As the nationwide vaccination campaign progresses, the latest numbers suggest that over 2.5 million people have been vaccinated against Covid-19 in Bangladesh over the course of 15 days. This is no small feat for our country, and the government and all involved authorities must be congratulated for the speedy and efficient procurement and rollout of vaccines. This is even more impressive when you compare the data to our neighbouring countries—while Pakistan has distributed only 0.03 doses of the vaccine per 100 of the population and India is at 0.87 doses per 100 people, Bangladesh has the highest rate of inoculation in the region, with 1.53 doses per 100 of the population.
However, we must also remember that given our large population, there is still a long way to go. So far, only around 1.95 percent of the targeted 130 million have been vaccinated. As we go forward, we must ensure that the vaccines are reaching the people who need it the most—the elderly, frontline workers, and people with underlying conditions that make them more vulnerable to Covid-19.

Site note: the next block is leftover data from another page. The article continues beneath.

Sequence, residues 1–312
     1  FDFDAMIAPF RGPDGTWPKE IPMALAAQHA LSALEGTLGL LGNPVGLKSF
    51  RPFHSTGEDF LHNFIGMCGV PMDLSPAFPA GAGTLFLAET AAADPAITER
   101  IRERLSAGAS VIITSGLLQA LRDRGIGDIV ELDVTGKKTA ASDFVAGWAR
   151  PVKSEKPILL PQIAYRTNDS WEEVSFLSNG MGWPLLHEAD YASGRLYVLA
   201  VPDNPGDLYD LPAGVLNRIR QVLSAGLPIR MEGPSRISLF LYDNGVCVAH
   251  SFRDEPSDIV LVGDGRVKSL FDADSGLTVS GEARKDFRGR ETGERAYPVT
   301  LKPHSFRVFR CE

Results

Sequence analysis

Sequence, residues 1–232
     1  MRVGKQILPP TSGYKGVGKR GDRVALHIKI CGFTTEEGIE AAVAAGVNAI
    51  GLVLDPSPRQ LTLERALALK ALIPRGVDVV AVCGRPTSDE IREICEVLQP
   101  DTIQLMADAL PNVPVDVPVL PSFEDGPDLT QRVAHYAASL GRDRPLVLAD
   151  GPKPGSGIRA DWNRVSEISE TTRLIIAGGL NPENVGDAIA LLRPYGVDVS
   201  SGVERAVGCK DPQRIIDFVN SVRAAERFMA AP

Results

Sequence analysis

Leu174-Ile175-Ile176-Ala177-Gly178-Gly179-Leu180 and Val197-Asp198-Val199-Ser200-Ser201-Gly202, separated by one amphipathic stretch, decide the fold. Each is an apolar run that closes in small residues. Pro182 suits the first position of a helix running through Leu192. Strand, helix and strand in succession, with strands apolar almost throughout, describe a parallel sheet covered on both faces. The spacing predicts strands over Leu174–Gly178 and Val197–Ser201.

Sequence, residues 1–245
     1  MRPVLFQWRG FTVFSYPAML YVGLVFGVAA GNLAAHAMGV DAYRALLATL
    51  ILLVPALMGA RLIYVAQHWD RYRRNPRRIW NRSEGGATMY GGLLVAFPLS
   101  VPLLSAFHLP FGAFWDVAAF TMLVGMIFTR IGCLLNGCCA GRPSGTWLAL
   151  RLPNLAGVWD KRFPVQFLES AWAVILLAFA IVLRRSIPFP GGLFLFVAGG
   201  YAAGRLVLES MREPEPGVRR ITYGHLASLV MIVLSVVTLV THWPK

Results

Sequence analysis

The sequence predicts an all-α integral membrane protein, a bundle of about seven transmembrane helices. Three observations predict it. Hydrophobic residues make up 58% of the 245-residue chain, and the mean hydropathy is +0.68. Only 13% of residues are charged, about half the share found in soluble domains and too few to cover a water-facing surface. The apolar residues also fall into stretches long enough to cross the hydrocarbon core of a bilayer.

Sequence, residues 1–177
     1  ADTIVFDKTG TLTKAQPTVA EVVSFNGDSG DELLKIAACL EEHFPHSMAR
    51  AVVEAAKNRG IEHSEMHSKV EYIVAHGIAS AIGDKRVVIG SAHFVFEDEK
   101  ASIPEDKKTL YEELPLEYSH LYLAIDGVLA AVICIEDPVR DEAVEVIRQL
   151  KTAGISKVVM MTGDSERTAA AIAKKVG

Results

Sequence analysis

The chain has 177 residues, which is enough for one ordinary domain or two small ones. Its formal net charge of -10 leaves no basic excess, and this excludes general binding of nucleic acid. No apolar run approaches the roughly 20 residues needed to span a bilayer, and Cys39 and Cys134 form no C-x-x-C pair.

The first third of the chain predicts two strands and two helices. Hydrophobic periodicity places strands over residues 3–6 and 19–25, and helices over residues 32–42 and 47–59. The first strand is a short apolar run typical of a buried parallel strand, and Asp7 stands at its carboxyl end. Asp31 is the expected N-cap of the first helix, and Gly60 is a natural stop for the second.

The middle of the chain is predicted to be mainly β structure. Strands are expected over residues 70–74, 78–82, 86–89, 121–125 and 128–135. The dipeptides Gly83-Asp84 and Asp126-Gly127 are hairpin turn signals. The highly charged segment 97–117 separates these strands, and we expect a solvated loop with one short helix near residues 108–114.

There are already worries that online registration has made it harder for people from disadvantaged backgrounds to sign up for the vaccines. While provisions have been made for community health clinics to help with this registration, are people in rural and remote areas being able to access this? Is there enough awareness surrounding the importance of getting vaccinated, especially in underprivileged and difficult-to-reach areas? A report in this daily from last week showed how the majority of vaccine uptake was still concentrated in urban areas, and that only a third of those vaccinated were women. Are there similar disparities in terms of economic, religious and ethnic backgrounds, and are there any plans in place to tackle these disparities and make access to vaccines more equitable?
While we applaud the authorities on the success of the vaccination drive in Bangladesh, we also hope that they will seriously take these issues into consideration and ensure that no one who needs a vaccine is excluded from the process. At the same time, although positivity rates are dropping, we must remember that the pandemic is not yet over, and around 400 people are still being infected every day in Bangladesh. Despite the success of our vaccination programme, we must ensure that safety protocols continue to be in place and people continue to take precautions such as wearing masks, especially in public spaces.